Profile: NFL Star Adrian Peterson
Allergic Living’s Patrick Bennett caught up with Adrian Peterson, the NFL’s 2012 MVP, to talk about his adult-onset shellfish allergy and how he has partnered with Mylan Specialty, the marketer of the EpiPen, to heighten awareness of anaphylaxis.
Allergic Living: Many of us heard that you had a big allergic reaction. Could you take us back to those moments: where were you, what were you eating, what happened?
Adrian Peterson: It was 2011 at training camp and we were at lunch. I had a bowl of gumbo – it had the normal stuff, shrimp, scallops, seafood. Maybe 30 minutes after I ate lunch and got back to my room, I was relaxing, resting up before afternoon practice – that’s when I started experiencing symptoms of anaphylaxis, though I didn’t know at the time. My throat started to itch, my eyes were extremely itchy. I remember laying down rubbing my eyes; it kind of raised a red flag.
When I stood up and looked in the mirror, I saw my eyes were swollen, and my throat was starting to swell up on me, so I called my athletic trainer and told him the symptoms. Immediately he was like, ‘Hold on, I’m coming up, just wait for me!’
When he got there, he had the EpiPen auto-injector, I administered it into my thigh, and immediately I felt my throat start to open up. I was able to breathe better, and it gave me the time I needed to get to the hospital to seek further assistance.
It kind of threw me off guard, because I eat seafood all the time, and I’ve always eaten seafood my entire life and then – just out of the blue – I have this life-threatening allergic reaction.
After training camp I went to see an allergist and found out that I’m allergic to shrimp, lobster and scallops. From that point on, I’ve had my action plan, which is knowing my allergic triggers, and always having access to my EpiPen, just in case I have an allergic reaction. I have my EpiPen on me at all times.
AL: As a professional athlete, do you now take extra care during special events you are invited to?
AP: If it’s an event where I’m going to be eating anything, I’ll know the menu; I’ll have my EpiPen in my coat pocket. I always carry it with me, after that first incident. You never know what you could be allergic to and when it can trigger, and my case is a perfect example of that – when I tell you my favorite food was seafood, I ate it all the time!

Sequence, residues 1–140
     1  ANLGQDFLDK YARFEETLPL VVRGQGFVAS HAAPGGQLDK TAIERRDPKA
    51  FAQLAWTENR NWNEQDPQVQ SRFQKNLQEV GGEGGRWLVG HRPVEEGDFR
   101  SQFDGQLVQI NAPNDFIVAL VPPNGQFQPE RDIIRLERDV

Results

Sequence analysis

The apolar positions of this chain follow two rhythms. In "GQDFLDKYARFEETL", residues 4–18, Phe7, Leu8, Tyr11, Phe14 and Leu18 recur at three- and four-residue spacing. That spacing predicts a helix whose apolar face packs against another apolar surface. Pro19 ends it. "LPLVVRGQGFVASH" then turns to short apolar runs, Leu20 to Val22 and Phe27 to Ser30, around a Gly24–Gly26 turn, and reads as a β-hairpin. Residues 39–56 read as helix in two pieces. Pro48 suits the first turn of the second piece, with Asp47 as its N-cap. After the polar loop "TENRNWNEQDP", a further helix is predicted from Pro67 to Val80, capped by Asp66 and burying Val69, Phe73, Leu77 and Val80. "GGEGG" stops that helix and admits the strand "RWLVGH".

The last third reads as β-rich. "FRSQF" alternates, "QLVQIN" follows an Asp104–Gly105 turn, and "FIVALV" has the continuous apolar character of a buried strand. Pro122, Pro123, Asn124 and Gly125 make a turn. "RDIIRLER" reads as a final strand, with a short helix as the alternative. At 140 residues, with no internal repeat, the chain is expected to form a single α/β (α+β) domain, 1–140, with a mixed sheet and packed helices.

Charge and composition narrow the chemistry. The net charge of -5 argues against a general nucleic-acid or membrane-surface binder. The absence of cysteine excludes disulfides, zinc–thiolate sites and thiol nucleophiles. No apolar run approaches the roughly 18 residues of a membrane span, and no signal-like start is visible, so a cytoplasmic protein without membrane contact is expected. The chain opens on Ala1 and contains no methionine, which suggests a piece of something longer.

AL: It must be hard as an adult, changing your diet like that.
AP: Yeah, it’s extremely hard, but it’s a life-threatening allergic reaction. It takes lives, it’s nothing to play with, and you really have to be serious and have your game plan.
AL: Now that you can look back on this, do you think you ever had any food allergy symptoms before?
AP: It was definitely the first time ever, and that’s one of the misperceptions. People think that kids are the only ones at risk for allergic reactions, and that’s not the case. Here I was, 27, this was my first time experiencing this.
That’s why I’m partnering with Mylan Specialty for the 25th anniversary of the FDA approval of the EpiPen, and I’m working with [TV’s nanny] Jo Frost and we’re sharing our stories to raise awareness.
We’re urging people to go to 25yearsofepipen.com and there they can learn some of the misperceptions about food allergy, like the one I said – that kids are the only ones at risk – or that it limits your potential, or it makes you weak. Here I am, a professional athlete, and it doesn’t make me weak at all.
Also we want people to show us their EpiPens, no matter where they go. Like for me, when I’m in the locker room, or I’m traveling to Green Bay this weekend, I’m carrying my EpiPen with me, because you always want to be prepared and have your [emergency] action plan. You always want to have a game plan.
So we want people to show us their EpiPens, we want people to take a picture of themselves with their EpiPen no matter where they are, and upload it [at 25yearsofepipen.com].
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